Finding a Job as a Nursing School Graduate
September 29, 2021 , Modified on May 5, 2022 · 6 Min Read
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In this guide, our contributors provide advice on how you can stand out to employers and secure entry-level nursing jobs in your specialty immediately after graduation.
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Navigating the job market as a nursing school graduate requires proactive planning, even in a growing field that offers great career prospects at every degree level. The Bureau of Labor Statistics projects a 7% nursing job growth rate through 2029. In 2020, registered nurses earned a median annual salary of $75,300, with the top 10% making more than $116,230.
In this guide, our contributors provide advice on networking during clinical rotations and making the most of your college's career resources. Keep reading to learn how you can stand out to employers and secure entry-level nursing jobs in your specialty immediately after graduation.
How to Prepare While in School
Nursing students can improve their chances of finding a job that suits their interests if they begin applying for positions early. Colleges offer a variety of career resources and industry contacts to help place students in hospitals and healthcare companies immediately after graduation. Career counselors can help students fine-tune their resumes and search for jobs, while faculty and practicum supervisors can write letters of recommendation.
Nursing programs also offer practical experience through clinical rotations. Clinicals provide students with great opportunities for one-on-one networking with healthcare employers.
Hadley Vlahos, a registered nurse who also works as a prospective payment system coordinator in a nursing facility, explains that nursing students should start looking for job openings in their senior year.
"The main way to network in nursing school is through clinical rotations," she says. "Be friendly to the nurses you train under and be willing to help them out. The students who stand out in a positive way will definitely be mentioned to the manager."
Echoing that sentiment, registered nurse Thea Stadden emphasizes the importance of making connections through college. "Network within the school to get to know other students and teachers, who can help refer out to positions out of school and later on in your career," she says.
Frequently Asked Questions
Do nurses need to be licensed before applying to jobs?
No. You do not need a license to apply for nursing positions. Some states permit graduates to work for a grace period while they pursue licensure and take the NCLEX. All registered nurses must have graduated from an approved program with a bachelor's degree, an associate degree, or diploma.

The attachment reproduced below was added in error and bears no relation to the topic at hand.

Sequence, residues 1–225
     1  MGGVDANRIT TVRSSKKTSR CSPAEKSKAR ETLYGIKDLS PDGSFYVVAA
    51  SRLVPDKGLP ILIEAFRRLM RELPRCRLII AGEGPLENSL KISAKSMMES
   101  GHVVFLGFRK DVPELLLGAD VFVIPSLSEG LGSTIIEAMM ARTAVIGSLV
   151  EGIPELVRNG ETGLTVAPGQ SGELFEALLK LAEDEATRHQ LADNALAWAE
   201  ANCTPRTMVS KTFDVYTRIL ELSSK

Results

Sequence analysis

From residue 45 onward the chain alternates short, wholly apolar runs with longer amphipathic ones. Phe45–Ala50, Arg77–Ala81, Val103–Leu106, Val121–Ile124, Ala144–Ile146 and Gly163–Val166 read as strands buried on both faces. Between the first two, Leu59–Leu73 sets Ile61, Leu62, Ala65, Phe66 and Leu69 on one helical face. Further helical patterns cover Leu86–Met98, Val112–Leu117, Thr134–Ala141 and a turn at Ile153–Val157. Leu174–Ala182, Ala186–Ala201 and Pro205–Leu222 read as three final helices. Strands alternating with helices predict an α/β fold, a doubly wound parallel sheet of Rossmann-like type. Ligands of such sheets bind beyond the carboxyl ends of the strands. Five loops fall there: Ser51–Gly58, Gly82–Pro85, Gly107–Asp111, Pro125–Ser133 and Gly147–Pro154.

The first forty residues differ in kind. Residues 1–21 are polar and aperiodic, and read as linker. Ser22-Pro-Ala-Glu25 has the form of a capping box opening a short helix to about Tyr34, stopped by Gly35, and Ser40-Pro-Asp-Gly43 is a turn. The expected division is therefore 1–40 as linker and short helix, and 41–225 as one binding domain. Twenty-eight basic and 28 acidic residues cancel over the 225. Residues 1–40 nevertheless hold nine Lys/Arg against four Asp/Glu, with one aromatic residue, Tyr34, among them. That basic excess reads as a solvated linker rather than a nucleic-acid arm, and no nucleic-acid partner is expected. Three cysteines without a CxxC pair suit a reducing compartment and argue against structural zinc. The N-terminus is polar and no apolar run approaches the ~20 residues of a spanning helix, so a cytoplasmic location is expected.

When do nursing graduates take the NCLEX?
While employers may hire nursing graduates before they pass the NCLEX, hospitals often give graduates a set deadline to take the exam. Nursing students take the NCLEX about a month and a half after graduation. Each state specifies the earliest date applicants can take the exam.
Do all nursing students get a job at the hospital where they complete their clinical rotation?
No. According to our contributors, it is unlikely that students get placed at the hospital where they complete their clinical rotation. However, they may try to do so by making a good impression and demonstrating a strong work ethic. Leaving your resume with clinical supervisors also does not hurt.
What are ways to gain experience through working while in nursing school?
While in nursing school, students can gain experience by joining organizations, such as the National Student Nurses Association to find out about upcoming career or social events. Volunteering at healthcare organizations, or even non-health related companies, also shows a commitment to learn. In addition, candidates can hone their technology skills through college resources.
When to Look for a Nursing Job
The last year of school presents an excellent opportunity to look for job openings. Vlahos suggests, "If you have a speciality you would like to get hired into, start looking at how many job openings there are in that speciality and which hospitals have those openings." She says identifying a hospital that offers jobs in your specialty can also help when selecting a practicum site.
Each school offers different career resources. Clinical instructors often help candidates in their last semester of college find entry-level nursing jobs. Oftentimes, representatives from hospitals, hospices, home healthcare centers, and surgery centers visit colleges to discuss opportunities with students.